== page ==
Thanks, Alessio!

That is a good summary; I think such tools can be helpful, much like people use in other structured conversations - e.g. negotiations, interviews, therapy.

Ultimately you look to absorb the underlying principle and are no longer constrained by the phrases themselves, but in the meantime it’s a good tool to get there quickly.

I thought WarriorMonk’s “list of techniques” thread captured a lot of good key phrases!

The thread can be a bit confusing at first because many posts were edited to include subsequent suggestions, so here’s the final list:

Basics II
GM-only Techniques
Techniques for Narrative Management
Safe in-character interaction techniques
Character creation / setting creation techniques (?)

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I’ve been really enjoying a particular implementation of “what do you do?” in a lot of my recent sessions. For me personally, it’s what Apocalypse World is all about, although I’m sure Vincent Baker has a more nuanced idea of the whole thing. From my experience, the question itself is good, but what takes it to the next level is stuff like:

The question is built upon and also points to fictional content. Not only it’s asked to a specific player character, but that player answers by also directly pointing to the fiction. The traditional filter of the GM standing between players and the fiction has no place here. So, the question is actually very different from asking stuff like “what do you want to do?” or “what do you (all the players as a party) do?”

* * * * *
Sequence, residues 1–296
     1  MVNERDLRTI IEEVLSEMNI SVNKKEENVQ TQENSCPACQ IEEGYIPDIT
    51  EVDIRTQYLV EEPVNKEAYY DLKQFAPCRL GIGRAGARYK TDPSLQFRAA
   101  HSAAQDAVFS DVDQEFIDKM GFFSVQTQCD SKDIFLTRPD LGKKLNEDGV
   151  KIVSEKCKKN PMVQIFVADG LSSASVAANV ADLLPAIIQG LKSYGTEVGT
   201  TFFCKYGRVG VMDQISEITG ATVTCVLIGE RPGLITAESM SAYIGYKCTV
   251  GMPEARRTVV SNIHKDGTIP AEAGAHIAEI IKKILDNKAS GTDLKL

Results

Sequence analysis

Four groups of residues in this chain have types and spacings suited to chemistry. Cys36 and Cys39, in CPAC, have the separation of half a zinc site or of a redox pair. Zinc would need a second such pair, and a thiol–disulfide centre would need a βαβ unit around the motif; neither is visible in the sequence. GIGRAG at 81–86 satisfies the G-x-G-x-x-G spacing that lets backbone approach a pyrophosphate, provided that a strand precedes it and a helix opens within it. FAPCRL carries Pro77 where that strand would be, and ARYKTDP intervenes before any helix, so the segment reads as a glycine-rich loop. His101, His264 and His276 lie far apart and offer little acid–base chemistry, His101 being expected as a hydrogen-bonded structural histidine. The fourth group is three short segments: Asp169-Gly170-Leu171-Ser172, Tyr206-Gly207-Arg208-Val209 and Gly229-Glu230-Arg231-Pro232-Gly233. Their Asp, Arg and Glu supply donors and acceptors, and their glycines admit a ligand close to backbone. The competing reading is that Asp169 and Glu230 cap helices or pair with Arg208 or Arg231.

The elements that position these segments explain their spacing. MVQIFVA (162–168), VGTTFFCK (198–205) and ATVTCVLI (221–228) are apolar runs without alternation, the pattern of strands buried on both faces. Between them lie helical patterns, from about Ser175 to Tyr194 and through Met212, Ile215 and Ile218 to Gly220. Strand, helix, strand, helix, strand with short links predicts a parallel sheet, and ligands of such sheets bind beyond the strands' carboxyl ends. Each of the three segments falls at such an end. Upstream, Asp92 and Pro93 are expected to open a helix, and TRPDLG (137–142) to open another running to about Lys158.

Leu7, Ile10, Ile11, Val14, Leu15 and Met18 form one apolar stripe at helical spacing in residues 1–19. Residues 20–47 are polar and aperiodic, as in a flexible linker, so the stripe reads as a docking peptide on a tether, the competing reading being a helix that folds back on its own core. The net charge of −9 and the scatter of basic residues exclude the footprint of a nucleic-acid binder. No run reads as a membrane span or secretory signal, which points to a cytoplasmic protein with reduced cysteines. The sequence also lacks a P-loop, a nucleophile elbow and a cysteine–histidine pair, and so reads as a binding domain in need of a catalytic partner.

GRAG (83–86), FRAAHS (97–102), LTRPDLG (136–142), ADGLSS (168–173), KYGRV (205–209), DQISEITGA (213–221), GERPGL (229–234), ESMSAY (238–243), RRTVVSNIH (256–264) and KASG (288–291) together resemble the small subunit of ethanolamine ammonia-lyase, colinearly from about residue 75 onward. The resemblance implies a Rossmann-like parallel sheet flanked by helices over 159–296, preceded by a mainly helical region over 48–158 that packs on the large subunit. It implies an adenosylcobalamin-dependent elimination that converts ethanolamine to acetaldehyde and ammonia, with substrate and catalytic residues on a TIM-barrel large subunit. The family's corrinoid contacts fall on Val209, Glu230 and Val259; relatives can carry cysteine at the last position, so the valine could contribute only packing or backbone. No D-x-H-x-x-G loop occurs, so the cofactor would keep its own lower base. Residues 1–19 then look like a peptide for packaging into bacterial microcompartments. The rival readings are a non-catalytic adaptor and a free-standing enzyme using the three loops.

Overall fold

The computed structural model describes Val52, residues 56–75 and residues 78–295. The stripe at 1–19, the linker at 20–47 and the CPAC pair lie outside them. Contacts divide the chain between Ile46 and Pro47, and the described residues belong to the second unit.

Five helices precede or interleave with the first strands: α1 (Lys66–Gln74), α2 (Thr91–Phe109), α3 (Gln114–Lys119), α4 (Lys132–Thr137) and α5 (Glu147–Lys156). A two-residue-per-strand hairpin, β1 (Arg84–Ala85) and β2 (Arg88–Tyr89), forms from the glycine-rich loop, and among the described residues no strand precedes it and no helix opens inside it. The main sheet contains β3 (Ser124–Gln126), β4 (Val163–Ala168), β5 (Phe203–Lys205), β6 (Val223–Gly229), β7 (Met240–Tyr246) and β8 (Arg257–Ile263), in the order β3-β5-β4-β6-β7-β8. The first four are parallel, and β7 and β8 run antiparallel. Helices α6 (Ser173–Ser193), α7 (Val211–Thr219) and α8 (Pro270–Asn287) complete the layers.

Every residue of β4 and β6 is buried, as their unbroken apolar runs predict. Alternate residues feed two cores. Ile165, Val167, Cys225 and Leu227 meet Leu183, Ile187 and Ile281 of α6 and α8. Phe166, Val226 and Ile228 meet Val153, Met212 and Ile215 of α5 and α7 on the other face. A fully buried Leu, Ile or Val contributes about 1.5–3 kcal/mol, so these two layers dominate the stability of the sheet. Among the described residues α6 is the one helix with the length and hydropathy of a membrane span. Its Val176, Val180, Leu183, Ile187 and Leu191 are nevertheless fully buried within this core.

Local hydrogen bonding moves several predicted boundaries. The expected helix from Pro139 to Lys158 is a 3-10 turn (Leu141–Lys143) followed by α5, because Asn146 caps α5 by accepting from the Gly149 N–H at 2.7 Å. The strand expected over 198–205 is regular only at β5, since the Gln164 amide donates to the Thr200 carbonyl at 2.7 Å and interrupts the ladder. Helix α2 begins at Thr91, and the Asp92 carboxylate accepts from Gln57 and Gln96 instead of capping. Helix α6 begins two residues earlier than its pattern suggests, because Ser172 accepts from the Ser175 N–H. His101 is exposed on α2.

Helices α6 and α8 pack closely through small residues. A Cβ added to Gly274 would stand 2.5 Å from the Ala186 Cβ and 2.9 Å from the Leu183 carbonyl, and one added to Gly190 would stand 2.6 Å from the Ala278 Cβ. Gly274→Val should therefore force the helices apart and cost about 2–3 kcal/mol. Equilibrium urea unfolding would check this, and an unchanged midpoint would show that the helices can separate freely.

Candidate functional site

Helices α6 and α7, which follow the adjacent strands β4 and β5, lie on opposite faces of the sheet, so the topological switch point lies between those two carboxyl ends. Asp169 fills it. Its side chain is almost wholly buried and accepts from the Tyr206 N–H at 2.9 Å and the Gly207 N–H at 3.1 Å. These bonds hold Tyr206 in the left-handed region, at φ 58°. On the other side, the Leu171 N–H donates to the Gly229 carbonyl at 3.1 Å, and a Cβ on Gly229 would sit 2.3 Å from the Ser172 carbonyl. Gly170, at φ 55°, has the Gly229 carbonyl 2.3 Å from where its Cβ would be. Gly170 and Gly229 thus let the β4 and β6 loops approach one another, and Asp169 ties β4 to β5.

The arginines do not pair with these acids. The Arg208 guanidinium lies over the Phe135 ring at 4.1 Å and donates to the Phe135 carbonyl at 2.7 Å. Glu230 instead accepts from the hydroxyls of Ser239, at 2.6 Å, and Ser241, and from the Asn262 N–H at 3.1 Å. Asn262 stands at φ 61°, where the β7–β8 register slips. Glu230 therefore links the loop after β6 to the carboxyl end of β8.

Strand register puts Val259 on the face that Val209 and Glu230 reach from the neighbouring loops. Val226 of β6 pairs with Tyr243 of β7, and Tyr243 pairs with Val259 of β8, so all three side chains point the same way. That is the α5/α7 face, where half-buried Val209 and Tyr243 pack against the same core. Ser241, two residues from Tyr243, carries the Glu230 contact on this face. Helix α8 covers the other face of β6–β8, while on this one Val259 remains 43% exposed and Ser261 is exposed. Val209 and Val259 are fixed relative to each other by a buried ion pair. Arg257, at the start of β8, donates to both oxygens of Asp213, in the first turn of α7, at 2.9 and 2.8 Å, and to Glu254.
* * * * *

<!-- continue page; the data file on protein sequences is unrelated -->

The question works best when preceded by some provocation presented by the fiction. Here is a clear opportunity, threat, other thing happening to another player character, anything that seems unsettled, what do you do?

The question is weird for some people, you might need to double-down on it before it’s fully understood. People will answer by pointing to something on a character sheet as if it were a button in an MMORPG. Ok, you’d like to bring that ability into play, what do you do?

3 Appreciations

Very true. Apocalypse World did a neat thing by, essentially, suggesting that the GM/MC’s job is to say something provocative and then end with “what do you do?” It’s implied by that formulation that the latter concerns the former.

e.g. “You see the deacon pouring a small vial into the Princess’s drink, at the back of the room. What do you do?”

It’s a good way to drive play forward.